When I started a financial services company more than three decades ago, I encountered some of the same obstacles that all new businesses must overcome if they are to succeed. With luck and effort my company grew from three employees to hundreds of employees, from one client to thousands, and from a single office in my parents’ living room to multiple offices across the nation and abroad. But when I look back, I’m astonished at how few hardships I faced compared with the ordeal confronting Hector Ricketts. I had no city council to appease, no state‐conferred monopoly to dislodge, no bare‐knuckled political battles to win if I wanted to operate, no labor unions dedicated to putting me out of business, no operating restrictions that made it impossible to compete.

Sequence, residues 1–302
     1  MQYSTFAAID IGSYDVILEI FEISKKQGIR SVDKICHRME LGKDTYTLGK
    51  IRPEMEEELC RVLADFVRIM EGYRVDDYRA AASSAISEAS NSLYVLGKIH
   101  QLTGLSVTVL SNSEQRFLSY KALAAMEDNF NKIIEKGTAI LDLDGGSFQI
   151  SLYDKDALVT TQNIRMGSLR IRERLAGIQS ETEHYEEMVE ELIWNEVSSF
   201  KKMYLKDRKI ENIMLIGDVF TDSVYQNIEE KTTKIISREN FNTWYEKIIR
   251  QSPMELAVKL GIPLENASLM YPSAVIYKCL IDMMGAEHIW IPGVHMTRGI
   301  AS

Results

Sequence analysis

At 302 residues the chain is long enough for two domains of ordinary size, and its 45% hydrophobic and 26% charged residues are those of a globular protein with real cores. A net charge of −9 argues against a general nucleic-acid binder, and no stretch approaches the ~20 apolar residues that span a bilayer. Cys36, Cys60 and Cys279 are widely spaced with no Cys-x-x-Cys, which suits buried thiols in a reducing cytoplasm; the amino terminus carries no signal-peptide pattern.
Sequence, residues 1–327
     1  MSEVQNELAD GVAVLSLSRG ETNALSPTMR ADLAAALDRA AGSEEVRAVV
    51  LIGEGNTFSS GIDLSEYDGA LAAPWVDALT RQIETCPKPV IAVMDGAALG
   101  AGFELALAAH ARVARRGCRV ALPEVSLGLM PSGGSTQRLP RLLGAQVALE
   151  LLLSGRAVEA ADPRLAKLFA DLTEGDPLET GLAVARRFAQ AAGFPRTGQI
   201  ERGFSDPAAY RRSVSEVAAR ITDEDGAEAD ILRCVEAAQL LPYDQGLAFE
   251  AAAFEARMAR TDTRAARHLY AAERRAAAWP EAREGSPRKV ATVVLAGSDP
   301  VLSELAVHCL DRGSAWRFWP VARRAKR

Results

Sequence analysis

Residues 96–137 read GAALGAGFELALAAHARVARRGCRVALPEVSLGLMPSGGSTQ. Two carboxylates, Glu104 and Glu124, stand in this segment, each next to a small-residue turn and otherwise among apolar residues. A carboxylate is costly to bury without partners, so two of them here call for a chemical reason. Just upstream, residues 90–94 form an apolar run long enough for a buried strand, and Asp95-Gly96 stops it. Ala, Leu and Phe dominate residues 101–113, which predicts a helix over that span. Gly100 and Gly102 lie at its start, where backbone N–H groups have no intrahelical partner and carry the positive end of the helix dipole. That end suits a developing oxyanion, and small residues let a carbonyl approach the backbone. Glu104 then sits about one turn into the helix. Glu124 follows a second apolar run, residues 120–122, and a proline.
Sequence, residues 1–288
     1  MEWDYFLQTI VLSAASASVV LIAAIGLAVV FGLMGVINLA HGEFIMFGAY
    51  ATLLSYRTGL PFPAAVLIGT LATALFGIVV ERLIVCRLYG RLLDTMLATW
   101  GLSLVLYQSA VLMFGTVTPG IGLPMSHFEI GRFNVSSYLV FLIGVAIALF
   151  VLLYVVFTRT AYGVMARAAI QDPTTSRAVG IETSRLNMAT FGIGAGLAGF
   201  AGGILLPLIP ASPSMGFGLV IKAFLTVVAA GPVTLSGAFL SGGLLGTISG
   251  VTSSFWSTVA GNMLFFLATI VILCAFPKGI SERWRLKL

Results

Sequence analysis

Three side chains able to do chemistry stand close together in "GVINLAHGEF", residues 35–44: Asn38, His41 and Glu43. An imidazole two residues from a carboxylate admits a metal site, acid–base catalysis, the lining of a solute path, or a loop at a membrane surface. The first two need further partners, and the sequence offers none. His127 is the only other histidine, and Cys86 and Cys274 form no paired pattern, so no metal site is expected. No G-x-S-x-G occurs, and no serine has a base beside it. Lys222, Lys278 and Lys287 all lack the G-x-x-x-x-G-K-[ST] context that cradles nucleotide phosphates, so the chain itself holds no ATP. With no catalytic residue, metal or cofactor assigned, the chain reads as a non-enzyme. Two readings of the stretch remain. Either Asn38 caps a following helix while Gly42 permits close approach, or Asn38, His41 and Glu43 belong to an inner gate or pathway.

The essential task I shared with Queens Van Plans was to build a client base eager to purchase the service I offered. But while my clients were sophisticated investors with lots of capital, Hector’s clients are working class immigrants suffering the daily privations of city life. One rider, an elderly man, asked and received change for a ten dollar bill to pay his dollar fare (the buses don’t make change). A second rider, a mom returning early from school with a sick child, asked to be let off close to her home (you don’t ask the buses; they tell you where to get off). There were others: all happy to be on clean, safe vans; all thrilled to save fifty cents each trip; all would have been amazed if they knew the lengths to which their government was willing to go in order to shut down their indispensable transportation.